Rays can be found covered with sand on the bottom or swimming about. The spotted eagle rays are the most impressive with their giant bodies and expansive wing spans, but the stingray below is most common.
Live conchs mill about in the sand. Roy found this one that is giving an anemone a ride.
In the evening Eric likes to play a themed movie. This summer he bought us a projector to watch our movies in the cockpit on the big screen.
Around the corner is snorkel area as full of life as an aquarium. The sergeant majors greet guests as usual. Without fishermen to kill off the big fish, lobster, groupers and snappers grow to colossal sizes.
Further around the corner is another small island and sand bar with a natural channel dredged through it from the current. The kids like to swim into the current and ride the lazy river along the sandbar.
The kids discovered the Popsicle stick box and made a catamaran.
Pipe Cay gets us out of the park for Roy’s next fishing excursion. Andy and Drew from Tangent joined us to practice with their new fishing gear but Roy comes through again with two lobster and a few snappers. After Roy cleans his catch I always cook up the horns and legs, so the boys had a yummy breakfast of fresh shellfish dipped in butter.
I’m thinking that maybe Pipe Cay is our favorite anchorage. Not only do we have favorite fishing holes, but the sand bar is great. At low tide an acre of sand is exposed to play on with additional shallow flats that we haven’t yet explored. There is a boat anchored here with a retired couple that spend several months every winter in this one place. Maybe that will be Makai 15 years from now, after we’re tired of exploring the rest of the Caribbean again.
Drift wood art is a new addition to the little island near the sandbar.
Speed boats full of tourists is also a regular occurrence here when low tide is in the middle of the day. The tour includes rum punch and conch salad. While the tourists walk around on the sand and swim in the shallow water the crew prepares their treats and abandons the shells on the island.
It’s time to move again, Becky’s short five day visit is about over. Topaz is exhausted from barking, running in the sand and swimming after fish.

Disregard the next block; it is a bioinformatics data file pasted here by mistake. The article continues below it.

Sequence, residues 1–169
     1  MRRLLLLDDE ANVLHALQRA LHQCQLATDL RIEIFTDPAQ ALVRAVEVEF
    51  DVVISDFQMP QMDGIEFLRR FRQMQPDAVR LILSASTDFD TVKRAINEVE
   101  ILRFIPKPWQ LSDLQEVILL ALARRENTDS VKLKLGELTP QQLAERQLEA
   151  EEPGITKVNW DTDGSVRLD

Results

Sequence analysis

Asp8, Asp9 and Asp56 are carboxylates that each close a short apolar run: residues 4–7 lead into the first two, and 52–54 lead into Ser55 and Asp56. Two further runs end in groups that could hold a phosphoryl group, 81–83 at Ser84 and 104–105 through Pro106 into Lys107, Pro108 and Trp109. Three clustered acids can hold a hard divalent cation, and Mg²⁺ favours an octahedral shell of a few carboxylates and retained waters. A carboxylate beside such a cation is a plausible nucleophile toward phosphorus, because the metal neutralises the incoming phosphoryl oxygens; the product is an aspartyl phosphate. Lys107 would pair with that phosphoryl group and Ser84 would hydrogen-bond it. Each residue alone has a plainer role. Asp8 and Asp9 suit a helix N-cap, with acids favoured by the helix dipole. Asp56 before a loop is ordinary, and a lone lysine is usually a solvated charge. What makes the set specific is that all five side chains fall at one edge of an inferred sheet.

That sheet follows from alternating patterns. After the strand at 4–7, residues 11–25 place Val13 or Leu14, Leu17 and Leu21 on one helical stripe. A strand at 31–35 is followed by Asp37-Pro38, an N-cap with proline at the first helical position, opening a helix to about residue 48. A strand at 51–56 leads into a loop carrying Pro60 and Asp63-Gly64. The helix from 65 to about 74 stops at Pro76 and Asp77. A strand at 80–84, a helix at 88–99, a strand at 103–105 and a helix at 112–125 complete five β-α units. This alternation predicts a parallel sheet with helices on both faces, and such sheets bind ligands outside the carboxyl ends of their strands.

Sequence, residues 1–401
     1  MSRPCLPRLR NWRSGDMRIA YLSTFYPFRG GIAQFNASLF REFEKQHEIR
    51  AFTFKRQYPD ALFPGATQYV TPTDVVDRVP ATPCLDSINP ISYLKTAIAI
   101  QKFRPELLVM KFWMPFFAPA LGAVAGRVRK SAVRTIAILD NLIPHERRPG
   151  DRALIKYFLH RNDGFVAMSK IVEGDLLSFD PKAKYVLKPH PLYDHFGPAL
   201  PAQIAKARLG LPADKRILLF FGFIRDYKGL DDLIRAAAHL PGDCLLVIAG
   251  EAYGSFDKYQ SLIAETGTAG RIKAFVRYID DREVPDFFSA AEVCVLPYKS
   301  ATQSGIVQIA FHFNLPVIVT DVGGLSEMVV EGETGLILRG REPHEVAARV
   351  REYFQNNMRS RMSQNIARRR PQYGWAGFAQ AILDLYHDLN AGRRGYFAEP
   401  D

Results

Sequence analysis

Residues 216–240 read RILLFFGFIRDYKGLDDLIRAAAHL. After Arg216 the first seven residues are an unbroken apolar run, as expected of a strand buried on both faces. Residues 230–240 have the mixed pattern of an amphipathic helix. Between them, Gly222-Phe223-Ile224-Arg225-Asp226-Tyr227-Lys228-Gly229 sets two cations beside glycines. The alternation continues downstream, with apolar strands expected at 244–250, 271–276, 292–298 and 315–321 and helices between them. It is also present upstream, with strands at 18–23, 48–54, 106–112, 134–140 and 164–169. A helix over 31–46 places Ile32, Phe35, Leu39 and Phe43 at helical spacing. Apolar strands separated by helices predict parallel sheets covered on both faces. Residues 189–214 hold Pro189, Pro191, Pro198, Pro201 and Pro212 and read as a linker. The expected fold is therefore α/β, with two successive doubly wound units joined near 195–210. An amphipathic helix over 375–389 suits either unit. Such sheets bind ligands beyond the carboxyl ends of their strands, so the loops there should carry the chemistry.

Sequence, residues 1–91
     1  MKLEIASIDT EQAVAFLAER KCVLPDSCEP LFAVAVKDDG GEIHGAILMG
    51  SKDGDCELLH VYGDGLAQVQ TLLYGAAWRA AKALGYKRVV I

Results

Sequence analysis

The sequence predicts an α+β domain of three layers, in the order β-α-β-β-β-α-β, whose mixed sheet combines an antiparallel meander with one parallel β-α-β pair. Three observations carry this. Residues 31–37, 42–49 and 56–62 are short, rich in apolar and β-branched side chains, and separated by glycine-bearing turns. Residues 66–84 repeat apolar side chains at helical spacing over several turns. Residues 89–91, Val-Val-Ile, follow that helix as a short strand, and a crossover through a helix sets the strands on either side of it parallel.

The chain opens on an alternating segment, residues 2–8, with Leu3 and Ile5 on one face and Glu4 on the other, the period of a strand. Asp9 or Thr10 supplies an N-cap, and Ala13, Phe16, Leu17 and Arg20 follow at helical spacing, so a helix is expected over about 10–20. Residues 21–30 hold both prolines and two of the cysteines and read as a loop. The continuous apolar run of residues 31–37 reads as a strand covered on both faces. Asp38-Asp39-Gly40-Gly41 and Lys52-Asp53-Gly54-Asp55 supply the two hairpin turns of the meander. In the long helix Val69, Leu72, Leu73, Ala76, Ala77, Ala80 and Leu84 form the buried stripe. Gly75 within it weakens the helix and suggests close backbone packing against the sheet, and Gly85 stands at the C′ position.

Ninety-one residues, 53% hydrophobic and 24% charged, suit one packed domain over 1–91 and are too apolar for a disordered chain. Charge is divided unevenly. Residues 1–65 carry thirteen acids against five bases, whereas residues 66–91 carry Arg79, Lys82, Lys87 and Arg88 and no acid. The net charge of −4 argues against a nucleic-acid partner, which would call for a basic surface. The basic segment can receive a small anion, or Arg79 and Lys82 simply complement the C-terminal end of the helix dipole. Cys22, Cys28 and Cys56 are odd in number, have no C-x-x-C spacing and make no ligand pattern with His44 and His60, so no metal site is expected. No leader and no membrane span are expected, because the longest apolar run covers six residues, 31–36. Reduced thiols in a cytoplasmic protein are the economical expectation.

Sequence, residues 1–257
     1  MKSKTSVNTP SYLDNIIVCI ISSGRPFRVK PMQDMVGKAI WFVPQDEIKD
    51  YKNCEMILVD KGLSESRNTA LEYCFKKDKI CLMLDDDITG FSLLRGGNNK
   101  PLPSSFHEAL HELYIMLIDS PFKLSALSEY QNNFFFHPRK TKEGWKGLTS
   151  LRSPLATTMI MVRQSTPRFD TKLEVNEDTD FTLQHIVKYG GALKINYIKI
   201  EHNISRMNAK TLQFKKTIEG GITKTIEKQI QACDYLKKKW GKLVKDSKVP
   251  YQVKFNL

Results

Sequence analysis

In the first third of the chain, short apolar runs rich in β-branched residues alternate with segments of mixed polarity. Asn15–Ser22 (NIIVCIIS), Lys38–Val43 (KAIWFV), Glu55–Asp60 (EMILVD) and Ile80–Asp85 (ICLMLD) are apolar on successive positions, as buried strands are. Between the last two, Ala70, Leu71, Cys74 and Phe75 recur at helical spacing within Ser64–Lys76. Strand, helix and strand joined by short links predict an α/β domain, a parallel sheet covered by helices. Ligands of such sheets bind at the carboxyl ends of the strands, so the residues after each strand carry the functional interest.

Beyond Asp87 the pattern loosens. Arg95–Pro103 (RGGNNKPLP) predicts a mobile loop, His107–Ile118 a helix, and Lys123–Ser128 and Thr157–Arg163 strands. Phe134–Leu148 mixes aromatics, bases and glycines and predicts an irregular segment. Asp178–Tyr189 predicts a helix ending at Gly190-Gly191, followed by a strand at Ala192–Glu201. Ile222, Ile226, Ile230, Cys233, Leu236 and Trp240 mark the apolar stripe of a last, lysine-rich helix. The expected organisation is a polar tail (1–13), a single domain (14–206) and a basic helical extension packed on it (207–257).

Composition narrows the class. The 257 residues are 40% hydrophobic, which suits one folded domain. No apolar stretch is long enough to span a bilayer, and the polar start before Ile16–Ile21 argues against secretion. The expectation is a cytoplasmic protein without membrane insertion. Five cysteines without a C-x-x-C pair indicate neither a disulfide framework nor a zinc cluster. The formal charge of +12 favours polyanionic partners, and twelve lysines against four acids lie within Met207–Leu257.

Becky’s last evening included dinner at the yacht club again.
The water in front of the restaurant is usually home to these huge nurse sharks. Despite their size and scary appearance, these docile sharks don’t have teeth. Their mouths and behaviors are similar to a ray.
Becky leaves at 3 pm so we still have time to see the pigs.
Becky said the airport she left from in Fort Lauderdale had pictures of the pigs in the waiting area. I’m not exactly sure the story about these pigs, but I’ve heard that someone brought them here years ago with the idea they might need emergency pork chops. I’ve never heard any stories about the pigs being owned by anyone or even being used for BBQ, but maybe I didn’t ask enough questions.
Becky also got a quick snorkel at Thunderball Grotto with more sergeant majors greeting their guests, and then we walked her to the airport. The plane was a half hour late and with no one at the airport to ask about the delay it can make a traveler nervous. Becky said the whole ride was a great adventure. We all stood around the plane while the pilot tossed her bags in and checked her passport. She said in Fort Lauderdale he even walked her through the hangar and past the mechanics to help her find the rental car and keys that she ordered to be wait when she returned.
Tangent headed straight to Georgetown from here as they have guests arriving the day after Christmas and we don’t have to be there until around Jan 7. The wind is coming up out of the south and Dream Catcher invited us to come back to Wardrick Wells for Christmas. So north to Wardrick Wells it is.
The moorings and anchorage was nearly empty last week when we were here, this week everything was completely full and no one was leaving until after Christmas. We spent six days in the company of five or six boats full of kids as well as the park ranger’s kids. Eighteen or more kids having a blast.
They swam and sailed, ran, jumped and played with evening movies and popcorn on the boats. Topaz gave me a scare that her knee injury from five years ago had reoccurred, which sent a big dark rain cloud over my head. After a day or two she was back to full strength and a warm breeze blew the cloud away so the sun could shine again. Anxiety is a horrible thing!
Yes, Christmas, I almost forgot. The kids have candy advent calendars to remind me of the coming holiday. We baked a few dozen cookies and invited girls over to decorate.
A few of the other boats hatched a plan for Reindeer Games for the kids.
Twenty children in two age categories spent the afternoon competeing to see if the Reindeer or the Elves would be the Christmas Eve champions.
Kayak relay races had them race around buoys and tying a fender to the swim dock.
Here Roy is sporting his red nose from the reindeer team.
The sandman contest was difficult because they were all so creative.
Most kids worked in teams with only a few palm fronds, sticks and sand. One team even made a squatty melted snowman baking in the hot sun.
The snow puff bite was a riot. With a marshmallow dangling a foot in front of her face, after several attempts Genny managed to swing the snow puff into her mouth.